Jan. 23, 2021
S. Vincent Rajkumar, M.D., hematologist-oncologist at Mayo Clinic's campus in Rochester, Minnesota, talks about mSMART multiple myeloma treatment guidelines, how they are useful for physicians worldwide and the latest developments in these recommendations.
What does mSMART stand for?
mSMART stands for Stratification for Myeloma and Risk-Adapted Therapy, which are continuously updated Mayo Clinic multiple myeloma treatment approach guidelines. We purposely chose a non-English word — an acronym — for the guidelines, so it would be easily internet searchable.
Why did you and your team create mSMART, and for whom were the guidelines developed?
In 2007 and prior, multiple myeloma treatment decisions were a free-for-all. There were no particular guidelines. Controversy arose with drugs such as zoledronic acid (Zometa), which was more expensive and increased risk of jaw osteoporosis, and we thought it made sense to provide some treatment parameters.
We decided we should think in these terms: "If we personally — or our loved one — had multiple myeloma, what should we be doing for that patient, and what should our general recommendations be?"
mSMART was designed for physicians external to Mayo. The guidelines were written specifically to be clear, simple and easy to use. In fact, Rafael Fonseca, M.D., Mayo Clinic Cancer Center interim director, hematologist and multiple myeloma specialist, has called the advent of mSMART a staple of Mayo Clinic's engagement with those who treat multiple myeloma and a reference in the myeloma community.
Our Mayo Clinic myeloma investigator team published its first paper with myeloma treatment guidelines in a 2007 Mayo Clinic Proceedings issue. We've published updates in 2009, 2013, 2015 and 2017. We also maintain a website with the latest guidelines, msmart.org.
How have these guidelines been received?
They've been widely received very well. mSMART guidelines are ranked pretty high in Google. If you do an internet search on "myeloma guidelines," they come up. The msmart.org site is accessed worldwide.
What are some significant milestones of mSMART since its inception?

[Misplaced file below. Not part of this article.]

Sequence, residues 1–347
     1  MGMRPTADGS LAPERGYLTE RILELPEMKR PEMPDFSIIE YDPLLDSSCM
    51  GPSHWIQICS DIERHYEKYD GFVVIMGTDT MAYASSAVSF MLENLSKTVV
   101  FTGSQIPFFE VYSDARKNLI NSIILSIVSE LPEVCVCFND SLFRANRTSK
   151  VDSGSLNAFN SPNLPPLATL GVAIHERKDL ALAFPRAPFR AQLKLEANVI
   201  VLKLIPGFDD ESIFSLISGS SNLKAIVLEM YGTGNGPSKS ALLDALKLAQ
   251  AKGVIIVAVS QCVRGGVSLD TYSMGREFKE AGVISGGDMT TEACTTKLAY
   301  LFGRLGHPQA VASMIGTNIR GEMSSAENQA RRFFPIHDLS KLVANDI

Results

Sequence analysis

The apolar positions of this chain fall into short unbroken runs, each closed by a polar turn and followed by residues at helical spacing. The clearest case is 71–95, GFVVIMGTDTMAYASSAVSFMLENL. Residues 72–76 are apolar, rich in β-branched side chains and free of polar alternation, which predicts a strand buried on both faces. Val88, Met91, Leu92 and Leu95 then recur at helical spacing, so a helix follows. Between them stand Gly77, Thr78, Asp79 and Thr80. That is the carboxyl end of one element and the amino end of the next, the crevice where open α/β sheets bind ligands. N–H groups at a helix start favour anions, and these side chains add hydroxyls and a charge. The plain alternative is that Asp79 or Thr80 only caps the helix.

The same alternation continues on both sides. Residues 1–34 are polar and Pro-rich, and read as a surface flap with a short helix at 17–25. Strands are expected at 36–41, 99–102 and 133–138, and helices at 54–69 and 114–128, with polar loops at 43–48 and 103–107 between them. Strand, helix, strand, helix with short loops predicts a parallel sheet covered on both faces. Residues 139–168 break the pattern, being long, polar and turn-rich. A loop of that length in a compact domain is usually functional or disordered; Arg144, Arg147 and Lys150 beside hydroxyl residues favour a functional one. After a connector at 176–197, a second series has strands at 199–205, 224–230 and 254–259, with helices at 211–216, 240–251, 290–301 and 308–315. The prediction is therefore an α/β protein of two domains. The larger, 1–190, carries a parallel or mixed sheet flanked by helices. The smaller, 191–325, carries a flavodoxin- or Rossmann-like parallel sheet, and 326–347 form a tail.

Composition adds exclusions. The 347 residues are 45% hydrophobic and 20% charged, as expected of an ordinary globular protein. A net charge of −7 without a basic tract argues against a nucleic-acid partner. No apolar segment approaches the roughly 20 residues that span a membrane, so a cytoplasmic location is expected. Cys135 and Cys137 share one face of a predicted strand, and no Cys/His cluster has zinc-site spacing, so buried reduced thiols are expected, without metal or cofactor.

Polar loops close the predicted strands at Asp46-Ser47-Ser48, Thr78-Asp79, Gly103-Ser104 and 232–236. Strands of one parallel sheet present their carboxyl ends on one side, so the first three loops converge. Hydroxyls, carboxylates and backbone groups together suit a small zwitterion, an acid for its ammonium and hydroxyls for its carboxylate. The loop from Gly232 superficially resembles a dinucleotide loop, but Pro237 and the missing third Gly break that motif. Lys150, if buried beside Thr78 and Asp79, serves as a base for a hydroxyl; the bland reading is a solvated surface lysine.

In 2007, we introduced myeloma risk stratification, or risk-adapted therapy. We have continuously updated our risk stratification criteria. Our research group recommends modification in treatment based on whether the patient's disease is deemed low risk, with a current median survival of approximately eight to 10 years, or high risk, with a current median survival of approximately three to four years. For example, for patients with high-risk myeloma, we recommend more-aggressive induction therapy, early transplant and bortezomib-based maintenance. We believe by following our treatment recommendations we can narrow the outcomes gap between low- and high-risk patients.
In 2019, our group published the first paper ever to refer to multiple myeloma in plural — as myelomas — and indicating the time to consider it one disease is over; there really are six myeloma types.
How do I know I can trust these guidelines for treating my patients with myeloma?
Our goal is not to promote Mayo Clinic, though the Mayo Clinic multiple myeloma research and treatment history is such that others do look to us. The real reason for these guidelines is this is what we believe is in the patient's best interest. Medications we don't recommend in mSMART may be unproven, too expensive or too toxic, for example.
mSMART is constantly updated and evidence-based. It's current because it's a living document. When we change our document, it reflects a change in our practice. We have a large group behind mSMART — a lot of brains on this project.
Have these guidelines had any interest from patients?
We've found many patients with myeloma go to the mSMART website and then take the guidelines to their physicians.
How do these guidelines help physicians?
So many patients want to come to Mayo Clinic, yet our capacity is limited. By and large, more hematologists are comfortable treating multiple myeloma today, and we want to help them do right by the patient. Recently, many new drugs have been approved.
While this is exciting for the field, it can also pose questions for physicians, such as whether to use one drug — or two or three drugs — in combination. Everybody knows you can use one of the 10 drugs available, but the question is, "Which one?"
This way, with mSMART, other hematologists immediately know "What would Mayo Clinic do?" mSMART gives them clarity, authoritative direction and confidence they are using the best possible treatments.
What additional help do you provide to physicians outside of Mayo Clinic for treating patients with myeloma?
First, anytime you have a doubt, pick up the phone and call us or email anytime. Second, the following are instances where you might consider referring to Mayo:
- You'd like your patient to participate in a clinical trial unavailable to you. We have many clinical trials going on and lead many clinical trials involving 300 to 400 centers. We recently opened a new trial for newly diagnosed patients with myeloma.
- Your patient has a particularly challenging disease. This might be a patient who's multiply relapsed, needs a stem cell transplant or is a newly diagnosed patient where you are not sure whether to start treatment, yet the disease looks suspicious.
Also, if you'd like to run an mSMART panel for your patient, Mayo Medical Laboratories provides this testing.
For more information
Rajkumar SV, et al. mSMART Stratification for Myeloma & Risk-Adapted Therapy.
Dispenzieri AS, et al. Treatment of newly diagnosed multiple myeloma based on Mayo Stratification of Myeloma and Risk-Adapted Therapy (mSMART): Consensus statement. Mayo Clinic Proceedings. 2007:83;323.
Test ID: MSMRT: Mayo algorithmic approach for stratification of myeloma and risk-adapted therapy report, bone marrow. Mayo Medical Laboratories.